Emissary of the Doomed
Bargaining for Lives in the Holocaust
By Ronald Florence
(Viking Adult, Hardcover, 9780670020720, 352pp.)
Publication Date: January 7, 2010
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The official little known WWII story of a desperate attempt to save Hungary's Jewish population
When Nazi troops invaded in March 1944, Hungary contained the largest intact Jewish population in Europe. Until then, stories of Auschwitz and other "resettlement camps" were still treated as unconfirmed rumors inside Hungary and among the Allied powers. With the arrival of Adolf Eichmann-and reports from the first escapees from Auschwitz confirming the most horrifying rumors about the camps-the 850,000 Jews of Hungary faced annihilation.
Emissary of the Doomed is the riveting and heartbreaking account of the heroic attempt to save Hungary's Jewish population. Learning that Eichmann and Himmler were willing to bargain for the lives of as many as one million Jews, Joel Brand and the Jewish rescue committee in Budapest took up the German offer and embarked on a desperate race across Europe and the Middle East to persuade the reluctant Allies to trade funds and matériel for Jewish lives. Against the backdrop of the Normandy invasion, the Soviet advance across Eastern Europe, and the American advances up the Italian peninsula, Brand and his colleagues tried to stop the final push of the Nazis to destroy the Jews of Europe. This untold chapter will appeal to all readers of World War II literature.
"Until March 1944, the Jews of Hungary enjoyed relative physical security, although Hungary was an ally of the Axis powers. In fact, Hungarian Jews managed to save thousands of their brethren from other central and eastern European countries by smuggling them into (and sometimes out of) Hungary. When German troops invaded, they brought intense pressure on the Hungarian government to round up Jews and transport them for "resettlement". Thus began a valiant if largely futile effort to rescue them. Florence, a historian and novelist, recounts this struggle in a riveting and intense work. At the center of the narrative is an unlikely hero. Joel Brand was a former communist, a committed Zionist, and physically unimpressive. Yet he brought great energy to efforts to bargain with Hungarian and German officials to "ransom" Jews, exchanging their lives for material aid for the Axis cause. He did so despite the opposition of the British and American governments, leaving a legacy of bitterness that still persists. This is a fine examination of one of the saddest episodes of the Holocaust."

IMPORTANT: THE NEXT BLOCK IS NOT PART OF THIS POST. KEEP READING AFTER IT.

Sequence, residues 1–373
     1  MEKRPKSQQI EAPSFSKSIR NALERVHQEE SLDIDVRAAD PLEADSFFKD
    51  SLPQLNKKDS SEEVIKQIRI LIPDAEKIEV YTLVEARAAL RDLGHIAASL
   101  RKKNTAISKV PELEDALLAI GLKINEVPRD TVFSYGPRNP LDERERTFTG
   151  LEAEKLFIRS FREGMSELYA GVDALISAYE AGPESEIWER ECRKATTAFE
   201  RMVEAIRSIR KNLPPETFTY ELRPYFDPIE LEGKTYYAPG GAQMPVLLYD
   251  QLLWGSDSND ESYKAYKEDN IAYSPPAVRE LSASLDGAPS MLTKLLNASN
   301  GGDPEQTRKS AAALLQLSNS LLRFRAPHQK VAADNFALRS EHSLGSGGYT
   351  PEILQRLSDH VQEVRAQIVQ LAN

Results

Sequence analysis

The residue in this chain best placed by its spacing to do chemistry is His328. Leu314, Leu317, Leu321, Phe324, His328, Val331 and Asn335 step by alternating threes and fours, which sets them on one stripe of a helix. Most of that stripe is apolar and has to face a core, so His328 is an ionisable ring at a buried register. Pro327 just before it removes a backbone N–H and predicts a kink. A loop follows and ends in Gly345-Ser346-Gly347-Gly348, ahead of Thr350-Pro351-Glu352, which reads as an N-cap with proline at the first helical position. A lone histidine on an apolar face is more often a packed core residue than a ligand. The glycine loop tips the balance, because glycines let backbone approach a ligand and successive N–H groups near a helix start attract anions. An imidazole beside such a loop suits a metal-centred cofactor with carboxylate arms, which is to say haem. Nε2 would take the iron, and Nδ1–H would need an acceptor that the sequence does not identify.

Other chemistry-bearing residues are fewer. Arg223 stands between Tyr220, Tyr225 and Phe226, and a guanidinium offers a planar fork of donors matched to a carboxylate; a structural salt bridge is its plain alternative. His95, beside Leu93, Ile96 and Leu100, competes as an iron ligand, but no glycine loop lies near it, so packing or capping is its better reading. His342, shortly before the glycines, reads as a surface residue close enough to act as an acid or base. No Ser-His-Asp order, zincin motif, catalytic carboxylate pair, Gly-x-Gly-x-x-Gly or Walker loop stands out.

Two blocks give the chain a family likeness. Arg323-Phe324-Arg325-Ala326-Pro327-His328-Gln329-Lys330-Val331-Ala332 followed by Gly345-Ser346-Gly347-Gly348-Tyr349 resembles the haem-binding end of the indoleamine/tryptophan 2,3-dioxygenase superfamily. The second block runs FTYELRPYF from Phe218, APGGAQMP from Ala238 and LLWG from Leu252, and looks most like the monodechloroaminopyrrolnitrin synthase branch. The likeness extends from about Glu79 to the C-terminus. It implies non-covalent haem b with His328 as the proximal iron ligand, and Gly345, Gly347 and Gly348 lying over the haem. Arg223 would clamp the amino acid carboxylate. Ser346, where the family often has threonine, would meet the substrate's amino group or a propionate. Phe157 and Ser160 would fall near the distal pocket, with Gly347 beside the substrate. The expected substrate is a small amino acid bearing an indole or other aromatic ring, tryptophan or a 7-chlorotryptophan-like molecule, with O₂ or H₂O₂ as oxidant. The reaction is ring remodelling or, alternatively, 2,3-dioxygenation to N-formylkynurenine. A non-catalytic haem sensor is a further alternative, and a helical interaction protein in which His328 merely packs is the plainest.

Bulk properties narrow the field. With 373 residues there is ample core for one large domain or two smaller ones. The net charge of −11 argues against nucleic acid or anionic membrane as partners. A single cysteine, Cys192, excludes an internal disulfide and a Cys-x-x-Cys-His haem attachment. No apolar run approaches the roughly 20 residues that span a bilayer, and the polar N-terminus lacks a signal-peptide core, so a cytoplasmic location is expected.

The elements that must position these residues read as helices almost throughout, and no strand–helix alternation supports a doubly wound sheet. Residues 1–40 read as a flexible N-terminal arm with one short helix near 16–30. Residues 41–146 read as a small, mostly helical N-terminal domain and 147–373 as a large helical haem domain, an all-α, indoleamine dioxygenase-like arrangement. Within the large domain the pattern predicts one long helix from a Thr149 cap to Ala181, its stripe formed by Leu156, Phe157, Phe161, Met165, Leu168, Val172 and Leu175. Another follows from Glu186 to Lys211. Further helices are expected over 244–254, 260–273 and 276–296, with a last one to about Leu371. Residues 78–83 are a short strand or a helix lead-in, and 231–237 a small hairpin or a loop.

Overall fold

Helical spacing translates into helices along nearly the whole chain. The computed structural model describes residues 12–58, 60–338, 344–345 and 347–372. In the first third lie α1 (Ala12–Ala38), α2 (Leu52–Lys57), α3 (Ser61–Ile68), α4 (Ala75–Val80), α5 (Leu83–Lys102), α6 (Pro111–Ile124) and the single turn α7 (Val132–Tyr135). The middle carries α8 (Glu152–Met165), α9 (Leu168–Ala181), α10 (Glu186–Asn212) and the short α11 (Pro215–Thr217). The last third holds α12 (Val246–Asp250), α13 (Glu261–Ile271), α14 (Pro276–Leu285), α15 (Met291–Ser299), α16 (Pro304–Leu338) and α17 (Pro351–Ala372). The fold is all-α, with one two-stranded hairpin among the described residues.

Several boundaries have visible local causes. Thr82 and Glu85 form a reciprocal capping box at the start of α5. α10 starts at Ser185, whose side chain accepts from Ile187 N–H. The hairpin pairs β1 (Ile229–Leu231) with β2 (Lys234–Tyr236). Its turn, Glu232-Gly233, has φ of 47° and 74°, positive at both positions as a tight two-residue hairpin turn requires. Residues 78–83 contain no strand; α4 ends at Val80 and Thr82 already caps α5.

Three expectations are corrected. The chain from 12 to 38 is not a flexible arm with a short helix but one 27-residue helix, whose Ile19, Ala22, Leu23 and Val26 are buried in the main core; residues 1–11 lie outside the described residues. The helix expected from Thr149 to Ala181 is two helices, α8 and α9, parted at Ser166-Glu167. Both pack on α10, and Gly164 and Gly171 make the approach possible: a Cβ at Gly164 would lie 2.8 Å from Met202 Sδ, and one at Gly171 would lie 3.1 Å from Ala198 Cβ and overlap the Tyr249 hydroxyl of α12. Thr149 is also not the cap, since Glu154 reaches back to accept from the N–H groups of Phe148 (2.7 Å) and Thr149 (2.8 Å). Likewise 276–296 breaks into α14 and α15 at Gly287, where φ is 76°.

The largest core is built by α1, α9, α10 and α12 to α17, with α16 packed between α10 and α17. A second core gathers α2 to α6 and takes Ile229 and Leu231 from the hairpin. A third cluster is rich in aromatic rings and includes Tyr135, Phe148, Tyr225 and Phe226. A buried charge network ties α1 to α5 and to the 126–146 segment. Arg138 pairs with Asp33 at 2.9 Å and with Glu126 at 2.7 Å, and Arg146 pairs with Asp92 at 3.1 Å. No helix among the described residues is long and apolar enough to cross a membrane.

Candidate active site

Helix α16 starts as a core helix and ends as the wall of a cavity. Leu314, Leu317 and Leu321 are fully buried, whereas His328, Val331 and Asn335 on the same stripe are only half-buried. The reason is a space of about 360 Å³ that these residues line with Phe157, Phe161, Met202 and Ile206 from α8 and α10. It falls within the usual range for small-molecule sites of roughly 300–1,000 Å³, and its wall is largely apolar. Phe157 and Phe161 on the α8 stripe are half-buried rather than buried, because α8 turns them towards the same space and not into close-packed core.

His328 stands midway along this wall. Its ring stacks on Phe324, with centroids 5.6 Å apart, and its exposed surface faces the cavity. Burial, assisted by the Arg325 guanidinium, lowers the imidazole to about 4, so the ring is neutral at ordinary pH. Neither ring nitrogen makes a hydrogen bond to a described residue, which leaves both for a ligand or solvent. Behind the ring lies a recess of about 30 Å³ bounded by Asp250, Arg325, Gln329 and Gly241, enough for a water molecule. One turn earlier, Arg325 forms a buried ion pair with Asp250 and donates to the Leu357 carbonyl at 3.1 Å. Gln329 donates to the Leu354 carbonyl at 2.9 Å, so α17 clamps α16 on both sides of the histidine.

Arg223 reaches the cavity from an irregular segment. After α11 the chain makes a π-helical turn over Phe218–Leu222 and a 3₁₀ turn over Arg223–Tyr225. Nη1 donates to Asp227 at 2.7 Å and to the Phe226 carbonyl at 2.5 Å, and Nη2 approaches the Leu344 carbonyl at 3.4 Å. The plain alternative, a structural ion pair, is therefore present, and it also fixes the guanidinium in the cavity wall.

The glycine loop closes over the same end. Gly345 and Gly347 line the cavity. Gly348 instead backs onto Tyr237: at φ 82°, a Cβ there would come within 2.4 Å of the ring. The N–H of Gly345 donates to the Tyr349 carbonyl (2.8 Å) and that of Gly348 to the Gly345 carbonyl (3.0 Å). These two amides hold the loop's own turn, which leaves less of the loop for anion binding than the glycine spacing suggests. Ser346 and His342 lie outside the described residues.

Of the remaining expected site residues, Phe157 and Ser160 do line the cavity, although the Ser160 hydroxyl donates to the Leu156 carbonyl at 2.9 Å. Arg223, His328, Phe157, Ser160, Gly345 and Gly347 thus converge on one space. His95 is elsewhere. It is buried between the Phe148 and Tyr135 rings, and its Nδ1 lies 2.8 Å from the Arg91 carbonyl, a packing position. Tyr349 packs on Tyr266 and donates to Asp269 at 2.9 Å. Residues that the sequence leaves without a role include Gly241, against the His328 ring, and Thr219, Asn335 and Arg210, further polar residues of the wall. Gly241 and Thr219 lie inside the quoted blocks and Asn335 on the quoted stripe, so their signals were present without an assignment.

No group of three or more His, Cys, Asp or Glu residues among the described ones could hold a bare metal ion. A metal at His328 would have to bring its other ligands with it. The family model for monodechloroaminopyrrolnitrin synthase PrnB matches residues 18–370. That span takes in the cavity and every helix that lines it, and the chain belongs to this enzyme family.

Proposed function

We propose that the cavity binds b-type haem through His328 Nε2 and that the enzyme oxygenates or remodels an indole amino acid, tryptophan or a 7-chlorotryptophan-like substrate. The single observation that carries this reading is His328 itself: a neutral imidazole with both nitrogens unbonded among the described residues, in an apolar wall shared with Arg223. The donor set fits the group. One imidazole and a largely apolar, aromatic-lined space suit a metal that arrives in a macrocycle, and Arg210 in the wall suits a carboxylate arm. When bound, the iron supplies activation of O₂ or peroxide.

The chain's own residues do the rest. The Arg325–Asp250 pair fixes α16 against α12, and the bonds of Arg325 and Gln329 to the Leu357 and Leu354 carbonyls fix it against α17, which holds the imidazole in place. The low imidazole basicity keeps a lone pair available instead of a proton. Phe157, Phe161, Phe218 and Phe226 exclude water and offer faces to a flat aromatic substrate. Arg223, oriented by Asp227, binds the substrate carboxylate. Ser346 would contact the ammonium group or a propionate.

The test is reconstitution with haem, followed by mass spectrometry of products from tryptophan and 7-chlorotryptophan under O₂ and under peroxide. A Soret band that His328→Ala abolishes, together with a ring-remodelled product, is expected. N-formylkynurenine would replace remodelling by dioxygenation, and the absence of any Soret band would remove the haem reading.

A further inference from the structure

-Jay Freeman, Booklist
"Engrossing account of Joel Brand's desperate attempts to save the Hungarian Jews from Nazi extermination.
Novelist and historian Florence (Lawrence and Aaronsohn: T. E. Lawrence, Aaron Aaronsohn, and the Seeds of the Arab-Israeli Conflict, 2007, etc.) ably chronicles the multilayered story of the bargaining for Hungarian Jews in the spring of 1944 and the aftermath. Brand was a leader in the Budapest-based secret rescue organization, Vaada, which aided Jews in occupied Slovakia and Poland to arrange safe routes to the relative security of Hungary and elsewhere. By March 1944, Hungary still possessed the largest remaining Jewish community in Europe, mainly because Hungary was Hitler's early cooperative ally. However, Eichmann, chief engineer of the "Final Solution," was entrusted with the job of stripping the 800,000 Hungarian Jews of their wealth, ghettoizing them and eventually deporting them to concentration camps. He summoned Brand and made his offer: "blood for goods," or one million Jews for 10,000 heavy-duty trucks that the Germans needed on the Eastern Front. Brand was given a few weeks to travel and meet with Western officials, but he was in an impossible position, as the Normandy landing was getting underway and the Allies refused to barter with the Nazis. The so-called Auschwitz Protocols, an eyewitness account by two camp escapees on what was really happening to the Jews there, was disseminating that spring, and Jews as well as Allied officials, while incredulous, were grasping the truth. While Brand was held in limbo in Cairo, his colleague back in Budapest Rezs= Kasztner was negotiating with the enemy, extorting enormous sums from Hungarian Jews for safe transits to Palestine.
The whole sordid tale would not emerge fully until the postwar trials of Kasztner and Eichmann, and Florence does a fine, thorough job bringing the period to life." -Kirkus Review
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